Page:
Apart from the lawyers and courts, other sources of help are from ‘alternative dispute resolution’ and the voluntary sector. Back to the key report
Alternative dispute resolution
Others than lawyers try to be helpful. Everyone rightly wants to keep the distress and conflict out of the expensive adversarial legal processes that inflame it. Alternative dispute resolution (ADR) is the general term for a range of alternatives to courts for separating couples to sort out their differences. It’s obviously best for the parents who know and care for their children to take this collaborative way to share their responsibilities. The majority of parents do manage to separate and sort out arrangements for their children and their assets without the need for much outside help.
Of course it’s best for separating parents to sort arrangements out by themselves. It is next best to sort it by seeking help from one of the ADRs. In general, the fewer courts, lawyers and professionals involved, the better. We are talking here about other families who cannot or will not or should not resolve things without the legal system. There is no doubt that the legal system is essential for some cases, for the small number of the most serious cases that come into the legal system. ADR providers may try to keep a child-focus, but that is never going to happen in more severe cases, when they do not know how – they are not qualified – to be fully child-inclusive or child-focused.
Each brand of ADR – family mediation, legal mediation, collaborative divorce and so on – sells its strengths and may even find a way to help some challenging cases. Yes, lawyers have set up their own glossier brands of ADR. No surprise that these legal ADRs are what lawyers recommend to their clients. Well-intentioned of course, the lawyers’ unqualified monopoly in Scotland keeps growing.
Of course ADRs should be firmly encouraged if not required to be tried out. But if they don’t work, persisting is worse than useless. They should be stopped and other measures taken instead. The key points are that all of the mainstream ADRs in Scotland are nowhere near being child-inclusive, and they are wedded into the basic principle that the clients must commit to the work collaboratively and on a voluntary basis. They demand a solid wall of not reporting or communicating between the ADR work and the family courts. ADRs are great when they work. But what about when they can’t or don’t?
When separated parents can’t or won’t collaborate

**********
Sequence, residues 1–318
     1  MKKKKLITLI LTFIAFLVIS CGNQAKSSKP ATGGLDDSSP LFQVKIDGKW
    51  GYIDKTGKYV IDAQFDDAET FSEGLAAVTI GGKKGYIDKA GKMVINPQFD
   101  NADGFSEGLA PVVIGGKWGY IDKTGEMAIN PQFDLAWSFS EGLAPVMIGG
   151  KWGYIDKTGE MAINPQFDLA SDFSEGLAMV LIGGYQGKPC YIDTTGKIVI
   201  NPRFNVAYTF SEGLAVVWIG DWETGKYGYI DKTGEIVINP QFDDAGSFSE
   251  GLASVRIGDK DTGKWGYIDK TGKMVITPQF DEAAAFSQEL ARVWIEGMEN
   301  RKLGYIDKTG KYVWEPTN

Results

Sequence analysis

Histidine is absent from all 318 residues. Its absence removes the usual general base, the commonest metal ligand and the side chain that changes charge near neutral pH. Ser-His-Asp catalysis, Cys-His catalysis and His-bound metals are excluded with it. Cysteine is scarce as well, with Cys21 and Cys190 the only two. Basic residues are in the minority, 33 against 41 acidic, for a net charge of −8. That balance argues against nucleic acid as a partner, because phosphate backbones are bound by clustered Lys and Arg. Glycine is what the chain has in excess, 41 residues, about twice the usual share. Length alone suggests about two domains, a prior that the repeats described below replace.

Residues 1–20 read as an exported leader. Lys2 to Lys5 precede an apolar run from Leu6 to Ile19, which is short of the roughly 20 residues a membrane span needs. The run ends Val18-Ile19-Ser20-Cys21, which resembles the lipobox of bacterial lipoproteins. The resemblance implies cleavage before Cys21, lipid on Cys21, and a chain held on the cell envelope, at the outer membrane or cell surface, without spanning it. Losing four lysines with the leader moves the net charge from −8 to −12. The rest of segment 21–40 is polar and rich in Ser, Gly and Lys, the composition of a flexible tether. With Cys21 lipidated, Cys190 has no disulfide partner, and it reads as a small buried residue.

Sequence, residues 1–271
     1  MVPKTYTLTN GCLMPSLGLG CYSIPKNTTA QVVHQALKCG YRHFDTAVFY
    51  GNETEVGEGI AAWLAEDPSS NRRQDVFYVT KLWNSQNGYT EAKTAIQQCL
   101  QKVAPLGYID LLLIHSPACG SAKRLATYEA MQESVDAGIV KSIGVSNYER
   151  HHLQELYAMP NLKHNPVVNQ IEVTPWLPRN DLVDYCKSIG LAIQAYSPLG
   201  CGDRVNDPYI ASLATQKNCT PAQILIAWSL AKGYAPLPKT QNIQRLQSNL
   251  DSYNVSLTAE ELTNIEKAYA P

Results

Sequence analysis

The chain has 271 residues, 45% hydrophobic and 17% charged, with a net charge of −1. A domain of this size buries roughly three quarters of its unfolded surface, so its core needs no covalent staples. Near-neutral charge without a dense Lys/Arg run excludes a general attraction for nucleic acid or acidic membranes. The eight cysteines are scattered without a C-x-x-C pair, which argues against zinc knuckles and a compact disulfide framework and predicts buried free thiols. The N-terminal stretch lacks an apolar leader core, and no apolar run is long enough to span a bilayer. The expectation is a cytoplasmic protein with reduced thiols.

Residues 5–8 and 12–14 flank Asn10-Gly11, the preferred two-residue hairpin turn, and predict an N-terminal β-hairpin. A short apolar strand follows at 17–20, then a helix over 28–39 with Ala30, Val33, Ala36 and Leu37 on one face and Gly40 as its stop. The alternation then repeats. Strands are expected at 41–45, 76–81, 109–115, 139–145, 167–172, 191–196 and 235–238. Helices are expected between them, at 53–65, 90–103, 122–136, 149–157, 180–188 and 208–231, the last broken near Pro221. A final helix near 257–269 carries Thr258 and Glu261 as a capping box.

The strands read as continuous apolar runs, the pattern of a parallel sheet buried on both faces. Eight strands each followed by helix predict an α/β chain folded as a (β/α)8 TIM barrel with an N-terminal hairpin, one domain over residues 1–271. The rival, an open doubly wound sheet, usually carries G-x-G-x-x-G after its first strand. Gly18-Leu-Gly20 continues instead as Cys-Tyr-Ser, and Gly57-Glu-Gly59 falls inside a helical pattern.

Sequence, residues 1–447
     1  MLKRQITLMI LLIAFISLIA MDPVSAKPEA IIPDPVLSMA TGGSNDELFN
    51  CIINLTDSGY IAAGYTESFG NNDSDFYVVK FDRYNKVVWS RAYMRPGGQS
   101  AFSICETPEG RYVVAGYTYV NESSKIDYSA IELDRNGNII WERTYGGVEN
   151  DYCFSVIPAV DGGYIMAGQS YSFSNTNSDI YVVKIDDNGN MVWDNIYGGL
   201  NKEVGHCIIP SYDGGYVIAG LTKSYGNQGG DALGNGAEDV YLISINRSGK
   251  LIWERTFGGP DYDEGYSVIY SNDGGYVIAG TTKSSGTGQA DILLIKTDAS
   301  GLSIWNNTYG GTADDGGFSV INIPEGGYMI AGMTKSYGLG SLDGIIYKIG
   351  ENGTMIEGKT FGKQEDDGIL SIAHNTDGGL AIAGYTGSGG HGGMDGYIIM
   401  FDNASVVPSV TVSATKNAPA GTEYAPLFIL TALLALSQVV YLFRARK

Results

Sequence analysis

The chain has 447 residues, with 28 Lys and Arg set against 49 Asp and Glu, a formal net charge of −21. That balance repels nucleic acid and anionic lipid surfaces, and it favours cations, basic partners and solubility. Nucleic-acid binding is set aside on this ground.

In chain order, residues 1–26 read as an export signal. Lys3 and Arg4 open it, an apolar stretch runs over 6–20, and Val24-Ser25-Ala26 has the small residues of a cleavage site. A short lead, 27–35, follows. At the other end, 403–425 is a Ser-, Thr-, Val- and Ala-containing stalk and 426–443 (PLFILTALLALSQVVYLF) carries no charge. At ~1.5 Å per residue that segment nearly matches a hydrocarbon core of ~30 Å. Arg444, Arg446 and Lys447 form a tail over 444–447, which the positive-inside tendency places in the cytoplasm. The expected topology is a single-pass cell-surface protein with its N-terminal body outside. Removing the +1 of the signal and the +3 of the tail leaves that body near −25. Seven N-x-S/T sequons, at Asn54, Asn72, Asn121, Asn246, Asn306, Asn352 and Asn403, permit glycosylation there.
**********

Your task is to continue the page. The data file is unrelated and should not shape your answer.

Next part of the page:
What can be done when, for valid or invalid reasons, separated parents cannot, will not, or sometimes should not, volunteer for collaborative approaches? Perhaps ADRs have been tried and have failed? What happens when the children are suffering or being harmed directly or indirectly by the effects of the dispute and adversarial legal processes?
There’s a solution to that problem that our systems in Scotland have been strangely blind to. The gap is one that can be relatively easily and cheaply filled. The gap in the help needed for the more serious cases is the gap for skilled and qualified professionals – ADR providers included perhaps – who can team up with courts rather than remain walled off from them. It’s already beginning to happen: A qualified professional has taken an individual initiative, one that others can learn and do, an approach that can be ‘rolled out’ right away in preference to some long-awaited ‘ideal’ system (such as Cafcass aspires but fails to be; Scotland is probably better off starting from scratch). This very new initiative in Scotland needs all the promotion we – and the review – can give it.
Meanwhile, given the gaps in the system in Scotland, there is only one other place for separated families to turn: the voluntary sector. Some offer some ADRs like family mediation. Other charitable organisations campaign and lobby. They offer support to particular groups of parents (and their children) who turn to them. Mirroring the standard heterosexual separating couple, these groups tend to be parent-focused and gender-based – eg Scottish Women’s Aid, Families Need Fathers Scotland. These organisations know how unjust and grindingly awful it can be, going through the mill of Scotland’s family legal and court processes.
But charities, most uncharitably, battling gender against gender, resident against non-resident parent, justified versus unjustified concerns for harm for children with the other parent – all of this misses the point. It misses the point because the Scottish problem is independent of these categories. Some of the worst cases are of same sex separated couples; risk can happen with either gender of parent and with resident as well as non-resident parent. The point is that if the system is inherently not competent, then everyone is liable to get a poor deal from it.